afaqs!

Points of View: Whose line is it anyway?

By Ashwini Gangal , afaqs!, Mumbai | In Advertising | August 19, 2014
In the ideas business, where brainstorming takes place in large groups, how to do agencies assign creative credit?

Karan Rawat

Malvika Mehra

Karan Rawat, founder and ECD, AutumnWinter Communications & Design

The problem starts when a campaign becomes big and starts winning awards. Once the idea sells, they go on to tell the world that it was cracked by them and they forget that an agency is all about team work. This happens because of inexperience and immaturity.

Once an idea is cracked, it goes through the process of getting approvals from seniors, who then take it to a different level, thereby converting a good idea into a big idea. Similarly, when a senior comes up with an idea and takes the team's help to execute it, it also becomes the team's idea.

Look at any credit list for an ad or film - it's always a long laundry list. This happens because each member of the team has contributed to the idea, from the source of the idea itself to its final execution.

If an idea is cracked during a discussion or brainstorming session, a single person cannot take the credit, because one idea leads to another, making everybody in the room the 'owner' of that idea. An idea can come from anywhere - the creative department, your CEO or a client servicing intern. It is what the agency does with the idea that counts.

Malvika Mehra, NCD and executive vice president, Grey India

Though the process of 'creative thinking' has to start at an 'individual' level, more heads can join the table a little later.

The onus lies with the creative director leading the team. He/she ought to have integrity and should be sensitive to team dynamics. Very often the quietest little trainee in the room may have the brightest idea. One has to be able spot and applaud it, irrespective of the loudest voice in the room... and, in the same vein, applaud the most flamboyant creative in the room too, if he or she deserves it, obviously.

When I take a brief, we all (my team and I) split for a couple of days (or hours!) and only re-convene once the 'individual thinking' stage is over. For any self-respecting creative person, this is an extremely crucial and sacred process, because what 'comes out' is actually a part of you. It is coloured by your personal experiences, likes/dislikes, education, upbringing and 'your life' in general. That first germ of a thought, according to me, can never be 'team work'. Sometimes, it's so brilliant that it does not really need any 'building'. All it needs is brilliant execution.

At other times, there may be a germ of an idea that perhaps needs another manifestation. Here's where some more thoughts on the table can help 'build' the core idea. This could be done with a single partner or a bunch of different people, not necessarily from the creative department. It could be with our partners in servicing, digital or planning.

Vikram Pandey

Zohar Furniturewala

Vikram Pandey, ECD, Leo Burnett India

The creative process cannot be a one-man job. It requires an illustrator, art director, director and other people to come together. It could be one person's vision, yes. But that vision gets crafted by many others. When five people sit and ideate in a room, the credit doesn't belong to the person who comes up with the final line, as a lot of thinking and process has gone into the 'making' of that line.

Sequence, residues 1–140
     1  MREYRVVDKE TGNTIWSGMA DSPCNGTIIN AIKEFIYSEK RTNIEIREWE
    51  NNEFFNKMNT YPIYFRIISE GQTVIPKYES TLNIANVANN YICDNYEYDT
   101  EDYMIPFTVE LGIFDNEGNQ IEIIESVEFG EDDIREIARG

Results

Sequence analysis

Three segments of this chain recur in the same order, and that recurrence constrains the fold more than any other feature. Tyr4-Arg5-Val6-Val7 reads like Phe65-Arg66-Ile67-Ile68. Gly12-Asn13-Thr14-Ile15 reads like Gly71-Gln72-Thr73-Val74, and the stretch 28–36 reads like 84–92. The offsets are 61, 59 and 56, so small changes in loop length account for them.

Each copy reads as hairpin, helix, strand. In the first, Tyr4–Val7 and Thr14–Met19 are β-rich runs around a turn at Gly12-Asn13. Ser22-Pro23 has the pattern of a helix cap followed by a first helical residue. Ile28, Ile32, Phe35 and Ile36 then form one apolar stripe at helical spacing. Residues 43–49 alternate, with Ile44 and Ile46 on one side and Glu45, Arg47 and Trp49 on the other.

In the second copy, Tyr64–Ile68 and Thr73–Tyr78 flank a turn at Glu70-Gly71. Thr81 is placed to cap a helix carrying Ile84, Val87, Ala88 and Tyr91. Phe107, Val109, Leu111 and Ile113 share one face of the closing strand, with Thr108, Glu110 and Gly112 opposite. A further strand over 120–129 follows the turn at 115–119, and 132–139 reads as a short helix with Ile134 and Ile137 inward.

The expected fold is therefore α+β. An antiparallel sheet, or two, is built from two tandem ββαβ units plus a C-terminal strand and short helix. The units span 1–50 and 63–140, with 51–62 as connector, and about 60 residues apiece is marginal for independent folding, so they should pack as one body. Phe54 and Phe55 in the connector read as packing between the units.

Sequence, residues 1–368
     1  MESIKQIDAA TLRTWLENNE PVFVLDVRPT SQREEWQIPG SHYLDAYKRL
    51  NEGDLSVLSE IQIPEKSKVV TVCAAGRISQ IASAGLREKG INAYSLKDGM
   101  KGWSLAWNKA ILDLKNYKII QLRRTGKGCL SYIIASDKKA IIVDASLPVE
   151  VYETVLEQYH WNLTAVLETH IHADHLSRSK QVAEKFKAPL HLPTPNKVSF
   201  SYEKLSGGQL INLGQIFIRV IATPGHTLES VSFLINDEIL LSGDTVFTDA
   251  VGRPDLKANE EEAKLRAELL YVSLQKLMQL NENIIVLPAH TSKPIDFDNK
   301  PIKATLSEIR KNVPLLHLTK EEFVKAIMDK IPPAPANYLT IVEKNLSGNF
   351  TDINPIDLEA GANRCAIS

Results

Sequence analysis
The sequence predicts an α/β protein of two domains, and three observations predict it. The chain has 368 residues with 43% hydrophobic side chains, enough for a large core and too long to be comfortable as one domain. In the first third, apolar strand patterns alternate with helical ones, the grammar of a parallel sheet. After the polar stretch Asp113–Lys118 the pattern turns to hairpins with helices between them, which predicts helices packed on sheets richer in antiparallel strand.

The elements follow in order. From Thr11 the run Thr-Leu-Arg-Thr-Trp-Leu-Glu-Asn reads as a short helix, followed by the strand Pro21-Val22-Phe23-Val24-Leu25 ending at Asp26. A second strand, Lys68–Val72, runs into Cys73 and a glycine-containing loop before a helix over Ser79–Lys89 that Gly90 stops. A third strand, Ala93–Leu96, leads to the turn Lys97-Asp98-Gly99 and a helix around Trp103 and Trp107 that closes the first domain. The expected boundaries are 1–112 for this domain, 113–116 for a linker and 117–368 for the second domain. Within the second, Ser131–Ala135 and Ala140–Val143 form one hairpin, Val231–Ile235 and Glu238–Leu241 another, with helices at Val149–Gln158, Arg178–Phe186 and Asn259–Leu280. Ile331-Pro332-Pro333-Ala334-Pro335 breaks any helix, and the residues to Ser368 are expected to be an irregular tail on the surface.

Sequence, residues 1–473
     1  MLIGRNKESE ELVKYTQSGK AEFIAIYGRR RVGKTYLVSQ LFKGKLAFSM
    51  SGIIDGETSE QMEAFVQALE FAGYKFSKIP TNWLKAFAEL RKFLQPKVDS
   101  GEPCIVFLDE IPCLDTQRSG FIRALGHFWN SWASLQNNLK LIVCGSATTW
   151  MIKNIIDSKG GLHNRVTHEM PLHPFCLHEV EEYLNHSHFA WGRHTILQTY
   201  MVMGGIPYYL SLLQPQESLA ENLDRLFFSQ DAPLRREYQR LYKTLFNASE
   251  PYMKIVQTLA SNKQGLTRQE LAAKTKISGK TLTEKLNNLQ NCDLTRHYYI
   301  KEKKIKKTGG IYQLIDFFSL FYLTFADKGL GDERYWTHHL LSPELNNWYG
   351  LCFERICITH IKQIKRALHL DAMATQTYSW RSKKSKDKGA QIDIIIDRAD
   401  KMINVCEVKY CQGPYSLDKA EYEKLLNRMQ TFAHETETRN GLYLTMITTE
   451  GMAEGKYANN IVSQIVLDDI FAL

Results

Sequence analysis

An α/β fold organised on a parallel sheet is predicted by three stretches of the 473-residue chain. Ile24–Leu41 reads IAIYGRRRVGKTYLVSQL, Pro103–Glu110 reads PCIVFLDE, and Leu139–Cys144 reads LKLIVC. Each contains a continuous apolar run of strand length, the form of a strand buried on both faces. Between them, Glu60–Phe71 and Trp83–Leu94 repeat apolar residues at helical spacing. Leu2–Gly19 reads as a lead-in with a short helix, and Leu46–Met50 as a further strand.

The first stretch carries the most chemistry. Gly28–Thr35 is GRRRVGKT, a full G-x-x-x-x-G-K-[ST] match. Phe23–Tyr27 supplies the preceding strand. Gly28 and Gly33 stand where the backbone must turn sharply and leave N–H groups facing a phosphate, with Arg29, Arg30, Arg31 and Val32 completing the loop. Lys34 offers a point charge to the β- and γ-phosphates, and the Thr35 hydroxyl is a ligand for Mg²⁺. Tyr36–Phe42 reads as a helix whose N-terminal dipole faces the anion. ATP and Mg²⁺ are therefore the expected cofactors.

When it comes to 'credit stealing', well, it's a case of few bad apples spoiling the basket. Some people do try and claim credit to work that doesn't really belong to them. Ultimately, credit belongs to the person who has the vision to look at an idea and say, 'Yes, it can become big'. And the ability to spot a great idea is typically something that comes with experience.

For example, the idea that led to Dove's Real Beauty campaign was something a junior writer had put up on his soft board. A CD spotted this and came back to his head office and said, 'This is what we should be doing for Dove'. The whole campaign developed from there. Does the credit belong to the writer? Maybe not. Because it was the senior CD who had the vision to spot potential in that idea.

Zohar Furniturewala, ECD, Art, Scarecrow Communications

This problem is not rampant as such. It is part and parcel of work, as in most agencies you have to work in teams. In the case of mega brand campaigns, even if you come up with an idea, the 'hands and legs' - the manifestation - of that idea is something the whole team comes up with, unless, of course, someone is working on a small-scale campaign, at the individual level.

In some setups, there's a senior person heading a group of junior people. In these cases, the big ideas typically get cracked by the senior person, given his/her experience or exposure. Then the job of the juniors is to play the role of foot-soldiers. So, while they contribute to the idea, they cannot claim it as their own. At the same time, you cannot deny credit to the juniors either.

But when the whole team sits and comes up with ideas, then the boundaries of 'mine-versus-yours' get blurred. While brainstorming in groups, often people come up with random stuff; the vision to distill the main idea and see it through is often the senior's.

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